IN RESPONSE to Jeremy Godwin (Letters, August 15, 'Ribble bus was icy cold') my comment about the Ribble family spirit comes not just from my own experience.

It comes from the many hundreds of folk, both former employees and those who knew the company over 15 years, during which time I have written four books about Ribble using many of their memories. The “Ribble Family” is a constant theme.

Ribble most certainly was not forced to take on the north Cumberland routes as a job lot. The company grew by acquisition, it bought 69 businesses between 1920 and 1940. Penrith was reached in 1927 with the big purchase of the Lancashire and Westmorland Company with the portfolio added to by buying a number of local firms.

Carlisle was even more interesting. Ribble had been quietly buying up local firms so when the city’s tramcars were scrapped in 1931, it was well placed to swoop in and replace them much to the irritation of longer-established operators. Carlisle became a very important part of the company. So it was all planned and certainly not part of some unwanted job lot.

Goodness knows what the retired senior officer was on about. Bus heaters were a pretty standard piece of kit, you either had them or you didn’t. As Ribble buses frequently moved from depot to depot around the company there was no such thing as a heater specification for Lancashire or Cumberland routes and I’m not aware of any bus company that did such a thing.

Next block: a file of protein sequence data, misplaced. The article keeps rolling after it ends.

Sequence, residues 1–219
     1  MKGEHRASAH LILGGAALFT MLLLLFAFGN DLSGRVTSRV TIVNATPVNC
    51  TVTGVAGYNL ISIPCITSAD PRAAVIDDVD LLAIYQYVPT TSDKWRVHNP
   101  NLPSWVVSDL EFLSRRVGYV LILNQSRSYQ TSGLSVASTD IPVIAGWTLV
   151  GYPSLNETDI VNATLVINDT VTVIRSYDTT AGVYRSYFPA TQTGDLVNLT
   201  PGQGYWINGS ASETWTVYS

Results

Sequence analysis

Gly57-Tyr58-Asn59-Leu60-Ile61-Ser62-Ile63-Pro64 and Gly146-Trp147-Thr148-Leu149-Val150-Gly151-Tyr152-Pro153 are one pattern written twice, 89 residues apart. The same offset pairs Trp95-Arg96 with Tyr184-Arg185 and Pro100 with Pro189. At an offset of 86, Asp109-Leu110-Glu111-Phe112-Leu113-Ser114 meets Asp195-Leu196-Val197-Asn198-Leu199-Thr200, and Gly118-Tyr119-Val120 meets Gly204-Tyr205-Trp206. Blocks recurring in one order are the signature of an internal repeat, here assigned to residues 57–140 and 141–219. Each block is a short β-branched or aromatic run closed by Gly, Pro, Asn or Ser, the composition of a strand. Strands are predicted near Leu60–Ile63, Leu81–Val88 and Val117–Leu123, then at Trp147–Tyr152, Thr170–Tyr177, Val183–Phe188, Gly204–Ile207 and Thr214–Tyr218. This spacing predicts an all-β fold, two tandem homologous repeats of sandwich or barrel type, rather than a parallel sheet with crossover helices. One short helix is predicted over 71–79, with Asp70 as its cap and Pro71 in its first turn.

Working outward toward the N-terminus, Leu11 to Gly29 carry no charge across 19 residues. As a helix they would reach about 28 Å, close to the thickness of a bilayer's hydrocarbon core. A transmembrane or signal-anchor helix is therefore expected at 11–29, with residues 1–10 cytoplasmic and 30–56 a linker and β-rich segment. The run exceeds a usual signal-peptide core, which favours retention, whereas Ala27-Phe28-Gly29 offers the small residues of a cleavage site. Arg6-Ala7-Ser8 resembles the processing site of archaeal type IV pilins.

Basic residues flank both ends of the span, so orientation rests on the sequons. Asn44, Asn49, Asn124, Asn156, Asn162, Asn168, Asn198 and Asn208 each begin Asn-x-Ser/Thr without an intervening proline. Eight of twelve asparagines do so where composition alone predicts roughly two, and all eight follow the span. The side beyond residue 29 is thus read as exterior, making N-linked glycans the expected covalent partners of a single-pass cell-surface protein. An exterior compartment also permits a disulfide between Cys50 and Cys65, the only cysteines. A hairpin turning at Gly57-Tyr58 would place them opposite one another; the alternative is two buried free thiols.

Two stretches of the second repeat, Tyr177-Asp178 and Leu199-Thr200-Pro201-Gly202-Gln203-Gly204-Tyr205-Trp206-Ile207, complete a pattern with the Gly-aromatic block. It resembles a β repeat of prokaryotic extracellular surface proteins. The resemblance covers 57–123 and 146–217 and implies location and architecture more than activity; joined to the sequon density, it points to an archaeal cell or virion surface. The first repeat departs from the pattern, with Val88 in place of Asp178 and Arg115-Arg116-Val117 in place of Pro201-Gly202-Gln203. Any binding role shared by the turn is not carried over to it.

While I would be the first to admit heaters could be temperamental, at least they were fitted. I grew up in Cardiff and the local Corporation did not buy heaters until 1959 and all their buses had draughty open back platforms. Ribble stopped buying such obsolete models from 1957.

The 1970s were a dreadful time for the bus industry, the worst in its history. I was saddened when I heard about Ambleside. It had been one of mine, but tough decisions had to be made in those dark days to ensure survival.

Jeremy is right, Ribble fares were higher than Cumberland’s and I had to explain that many times. Ribble had a lot of long rural routes, fares are based on mileage, with lower usage which were expensive to run.

While Cumberland had some of these it was mainly based in the urban centres out west, so, put simply, its area was cheaper to run.

Roger Davies